In interpreting the meaning of isolation under s.45G(2)(d) of the 1984 Act the court rejected the premise of the claimant's argument which was that "self-isolation" was the same as isolation or quarantine. The court held that "self-isolation" was a term of art and was defined in reg.2(3) of the 2020 regulations as remaining in a particular place. The individual's ability to have contact with others in the household was unimpeded. The court held the 2020 regulations were governing where an individual could go and with whom they had contact. Thus neither "isolation" nor "quarantine" were defined in the 1984 Act and it was therefore necessary to consider their ordinary use and meaning. The court held that it was self-evident the meaning could not be defined in terms of the restrictions on where an individual went and with whom they had contact, and thus in ordinary usage, "to isolate" meant to cause to be alone. Further the terms "isolation" and "quarantine" in s.45G(2)(d) in the 1984 Act involved action by a clinician whereas the 2020 regulations restricted movement but not those with whom an individual could live. The court noted that they balanced the need to prevent contact with others with a need for a proportionate response. The term "isolation" was intended to ensure that an individual was properly treated as well as reducing the spread of disease, whereas the self-isolation required by the 2020 regulations was exclusively focused on reducing the reproduction rate of the virus. Thus, the Defendant had power to make the regulations and they were not contrary to s.45D(3) and s.45G(2)(d) of the 1984 Act.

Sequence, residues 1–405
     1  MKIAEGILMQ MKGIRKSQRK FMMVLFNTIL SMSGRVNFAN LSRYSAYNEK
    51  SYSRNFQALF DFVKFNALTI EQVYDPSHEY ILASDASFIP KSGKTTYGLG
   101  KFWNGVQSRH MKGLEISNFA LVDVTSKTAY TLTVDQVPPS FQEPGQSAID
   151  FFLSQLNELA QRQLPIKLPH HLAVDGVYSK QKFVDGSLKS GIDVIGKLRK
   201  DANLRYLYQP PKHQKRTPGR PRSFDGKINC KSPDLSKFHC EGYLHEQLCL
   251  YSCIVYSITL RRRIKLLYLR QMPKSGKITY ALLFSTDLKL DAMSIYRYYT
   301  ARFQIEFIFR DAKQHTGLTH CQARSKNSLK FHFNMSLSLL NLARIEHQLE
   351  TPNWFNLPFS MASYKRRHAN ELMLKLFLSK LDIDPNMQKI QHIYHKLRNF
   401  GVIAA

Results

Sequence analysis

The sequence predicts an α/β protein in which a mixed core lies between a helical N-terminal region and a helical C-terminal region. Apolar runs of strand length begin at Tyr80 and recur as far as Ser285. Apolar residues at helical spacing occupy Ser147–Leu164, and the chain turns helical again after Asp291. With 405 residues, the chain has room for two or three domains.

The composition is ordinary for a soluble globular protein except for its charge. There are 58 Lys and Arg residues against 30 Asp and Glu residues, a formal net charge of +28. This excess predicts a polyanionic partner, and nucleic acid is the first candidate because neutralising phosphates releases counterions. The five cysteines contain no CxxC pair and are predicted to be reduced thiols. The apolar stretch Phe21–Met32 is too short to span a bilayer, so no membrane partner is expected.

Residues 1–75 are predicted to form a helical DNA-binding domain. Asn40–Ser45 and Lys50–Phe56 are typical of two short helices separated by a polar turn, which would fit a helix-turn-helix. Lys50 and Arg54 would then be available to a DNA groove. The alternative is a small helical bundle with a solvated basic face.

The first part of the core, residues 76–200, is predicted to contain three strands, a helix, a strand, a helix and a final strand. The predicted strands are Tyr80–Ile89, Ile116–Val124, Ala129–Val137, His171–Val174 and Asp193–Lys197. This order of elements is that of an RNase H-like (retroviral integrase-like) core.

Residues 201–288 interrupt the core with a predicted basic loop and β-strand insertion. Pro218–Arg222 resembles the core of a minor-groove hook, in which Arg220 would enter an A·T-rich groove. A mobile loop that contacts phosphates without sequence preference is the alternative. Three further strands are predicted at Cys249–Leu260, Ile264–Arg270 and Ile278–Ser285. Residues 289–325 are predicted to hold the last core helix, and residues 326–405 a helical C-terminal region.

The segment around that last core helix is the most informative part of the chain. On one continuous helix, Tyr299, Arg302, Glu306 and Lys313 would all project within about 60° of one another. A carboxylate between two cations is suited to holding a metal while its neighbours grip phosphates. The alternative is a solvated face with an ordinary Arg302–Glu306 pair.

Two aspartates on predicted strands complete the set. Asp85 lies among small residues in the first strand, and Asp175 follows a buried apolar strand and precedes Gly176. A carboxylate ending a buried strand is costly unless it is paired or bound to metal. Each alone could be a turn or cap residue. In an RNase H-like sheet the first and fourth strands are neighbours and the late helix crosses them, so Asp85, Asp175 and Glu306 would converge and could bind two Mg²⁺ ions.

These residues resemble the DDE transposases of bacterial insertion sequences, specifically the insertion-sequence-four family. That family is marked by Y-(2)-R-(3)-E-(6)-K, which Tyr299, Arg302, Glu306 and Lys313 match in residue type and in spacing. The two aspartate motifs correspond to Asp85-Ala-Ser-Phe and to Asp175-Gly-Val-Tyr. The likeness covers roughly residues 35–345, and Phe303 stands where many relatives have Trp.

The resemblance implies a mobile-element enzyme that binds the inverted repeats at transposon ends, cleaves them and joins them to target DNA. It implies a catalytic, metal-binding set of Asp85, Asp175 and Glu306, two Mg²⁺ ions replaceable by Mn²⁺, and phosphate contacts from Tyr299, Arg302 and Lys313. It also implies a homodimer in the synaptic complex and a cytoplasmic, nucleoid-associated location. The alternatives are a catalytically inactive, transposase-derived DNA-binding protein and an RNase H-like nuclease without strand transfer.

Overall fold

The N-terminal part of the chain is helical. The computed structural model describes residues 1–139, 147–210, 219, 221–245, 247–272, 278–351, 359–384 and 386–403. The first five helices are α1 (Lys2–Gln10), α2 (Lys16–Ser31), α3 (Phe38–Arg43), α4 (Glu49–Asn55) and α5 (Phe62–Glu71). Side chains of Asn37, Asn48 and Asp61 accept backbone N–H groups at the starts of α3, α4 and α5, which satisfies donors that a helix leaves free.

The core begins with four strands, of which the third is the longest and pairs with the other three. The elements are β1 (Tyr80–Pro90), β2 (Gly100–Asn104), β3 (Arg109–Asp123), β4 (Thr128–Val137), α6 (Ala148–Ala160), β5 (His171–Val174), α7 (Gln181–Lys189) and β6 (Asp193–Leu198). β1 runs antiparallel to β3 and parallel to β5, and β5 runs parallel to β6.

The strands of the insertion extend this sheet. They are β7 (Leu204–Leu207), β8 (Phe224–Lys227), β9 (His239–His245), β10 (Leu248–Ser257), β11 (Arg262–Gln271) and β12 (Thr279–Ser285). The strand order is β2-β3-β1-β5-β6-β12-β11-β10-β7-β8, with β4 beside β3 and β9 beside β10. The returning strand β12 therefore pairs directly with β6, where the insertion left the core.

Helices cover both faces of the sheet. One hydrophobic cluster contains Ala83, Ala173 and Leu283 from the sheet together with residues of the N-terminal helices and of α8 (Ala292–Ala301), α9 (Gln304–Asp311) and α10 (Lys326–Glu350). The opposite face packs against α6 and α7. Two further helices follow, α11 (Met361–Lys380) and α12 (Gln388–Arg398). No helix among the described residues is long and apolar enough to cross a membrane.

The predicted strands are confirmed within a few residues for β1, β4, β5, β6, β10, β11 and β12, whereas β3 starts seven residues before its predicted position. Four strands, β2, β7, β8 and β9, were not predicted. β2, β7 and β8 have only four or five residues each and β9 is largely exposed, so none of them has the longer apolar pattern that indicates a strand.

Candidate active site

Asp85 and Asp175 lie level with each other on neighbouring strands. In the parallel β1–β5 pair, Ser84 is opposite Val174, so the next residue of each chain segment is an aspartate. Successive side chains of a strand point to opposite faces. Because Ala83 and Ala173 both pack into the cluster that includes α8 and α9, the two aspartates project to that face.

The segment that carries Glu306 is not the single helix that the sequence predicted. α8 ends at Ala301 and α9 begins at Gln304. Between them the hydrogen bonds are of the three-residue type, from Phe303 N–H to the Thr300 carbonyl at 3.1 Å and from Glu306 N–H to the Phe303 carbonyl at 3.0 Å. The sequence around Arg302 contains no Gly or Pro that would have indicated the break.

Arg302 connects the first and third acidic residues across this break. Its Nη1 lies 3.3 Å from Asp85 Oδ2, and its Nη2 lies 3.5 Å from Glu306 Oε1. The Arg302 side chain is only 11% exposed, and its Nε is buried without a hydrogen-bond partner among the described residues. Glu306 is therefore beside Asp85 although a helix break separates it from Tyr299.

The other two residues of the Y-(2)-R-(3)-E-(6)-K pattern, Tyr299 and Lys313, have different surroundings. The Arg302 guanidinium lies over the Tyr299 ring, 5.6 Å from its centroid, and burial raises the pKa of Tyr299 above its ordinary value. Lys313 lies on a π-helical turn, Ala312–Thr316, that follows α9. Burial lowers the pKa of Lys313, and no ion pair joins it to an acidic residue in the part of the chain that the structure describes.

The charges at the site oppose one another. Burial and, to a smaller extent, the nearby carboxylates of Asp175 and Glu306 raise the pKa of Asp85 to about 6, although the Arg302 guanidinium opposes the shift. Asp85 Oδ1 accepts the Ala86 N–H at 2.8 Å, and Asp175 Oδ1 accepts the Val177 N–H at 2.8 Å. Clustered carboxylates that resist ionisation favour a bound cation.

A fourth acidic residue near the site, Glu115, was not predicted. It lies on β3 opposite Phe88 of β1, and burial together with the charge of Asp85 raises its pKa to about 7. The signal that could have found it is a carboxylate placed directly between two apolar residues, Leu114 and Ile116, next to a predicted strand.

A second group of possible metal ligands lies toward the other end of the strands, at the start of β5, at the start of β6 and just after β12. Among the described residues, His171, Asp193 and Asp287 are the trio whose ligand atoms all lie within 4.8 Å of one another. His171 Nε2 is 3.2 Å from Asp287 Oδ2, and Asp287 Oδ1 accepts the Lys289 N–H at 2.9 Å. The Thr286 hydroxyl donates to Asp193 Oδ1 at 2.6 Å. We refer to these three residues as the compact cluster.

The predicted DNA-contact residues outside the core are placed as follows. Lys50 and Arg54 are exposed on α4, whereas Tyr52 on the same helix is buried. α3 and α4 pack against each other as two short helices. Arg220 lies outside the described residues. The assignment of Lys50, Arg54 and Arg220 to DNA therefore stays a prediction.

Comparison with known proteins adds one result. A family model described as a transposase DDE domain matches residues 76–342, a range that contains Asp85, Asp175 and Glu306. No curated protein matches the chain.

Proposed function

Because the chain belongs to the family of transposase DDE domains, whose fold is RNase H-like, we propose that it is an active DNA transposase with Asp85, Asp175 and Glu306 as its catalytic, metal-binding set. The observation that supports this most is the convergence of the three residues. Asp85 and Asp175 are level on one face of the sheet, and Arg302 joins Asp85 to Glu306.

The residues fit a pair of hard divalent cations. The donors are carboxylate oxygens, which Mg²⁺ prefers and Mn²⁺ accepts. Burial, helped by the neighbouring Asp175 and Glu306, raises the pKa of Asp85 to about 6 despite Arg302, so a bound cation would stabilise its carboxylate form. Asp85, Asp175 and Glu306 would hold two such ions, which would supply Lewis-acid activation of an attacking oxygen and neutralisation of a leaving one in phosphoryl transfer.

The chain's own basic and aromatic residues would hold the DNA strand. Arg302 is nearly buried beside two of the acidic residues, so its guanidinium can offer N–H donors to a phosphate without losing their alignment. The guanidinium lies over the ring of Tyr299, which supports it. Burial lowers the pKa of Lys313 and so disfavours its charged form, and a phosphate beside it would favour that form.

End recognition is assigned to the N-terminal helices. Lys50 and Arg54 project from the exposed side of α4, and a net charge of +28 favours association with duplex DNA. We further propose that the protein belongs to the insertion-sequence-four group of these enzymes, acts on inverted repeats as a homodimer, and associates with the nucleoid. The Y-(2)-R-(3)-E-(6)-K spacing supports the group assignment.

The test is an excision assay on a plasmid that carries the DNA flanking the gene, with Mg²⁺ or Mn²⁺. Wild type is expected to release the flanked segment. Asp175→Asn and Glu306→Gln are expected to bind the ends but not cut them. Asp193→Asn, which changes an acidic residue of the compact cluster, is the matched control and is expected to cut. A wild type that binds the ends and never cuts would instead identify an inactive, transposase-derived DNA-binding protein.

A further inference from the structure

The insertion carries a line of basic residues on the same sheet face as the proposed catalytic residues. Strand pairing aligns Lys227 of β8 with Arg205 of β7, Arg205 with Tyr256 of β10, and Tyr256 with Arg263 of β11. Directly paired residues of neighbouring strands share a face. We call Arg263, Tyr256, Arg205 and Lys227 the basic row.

On the meaning of detention under s.45G(2)(c) of the 1984 Act the 2020 regulations gave very wide options for where an individual might self-isolate and provided only that the location must be suitable and was readily distinguishable from the concept of imprisonment. Thus, the requirement to self-isolate did not amount to detention and was not unlawful. On removal to hospital or other establishment under s.45G(2)(b) of the 1984 Act the court held the predecessor to reg.10(1) 2020 regulations had given the power to remove to hospital alone for clinical management and as such there nothing to suggest that a fundamental change had been envisaged in its repeal. Thus, while a home might fall within the definition of "other suitable establishments", it could only be such if clinical supervision was in place and therefore reg.10(1) of the 2020 regulations was not contrary to s.45D(3) and s.45G(2)(b) of the 1984 Act.
It is unlikely this will be the last case in which the use of these regulations and the making of regulations to combat Covid 19 transmission and infection will be challenged even though the earlier case of Dolan (above) has been refused permission to appeal to the Supreme Court. It does, however, identify the complexity of the framework governing the powers to detain someone for the purposes of preventing the spread of infection versus directions to self-isolate or to quarantine.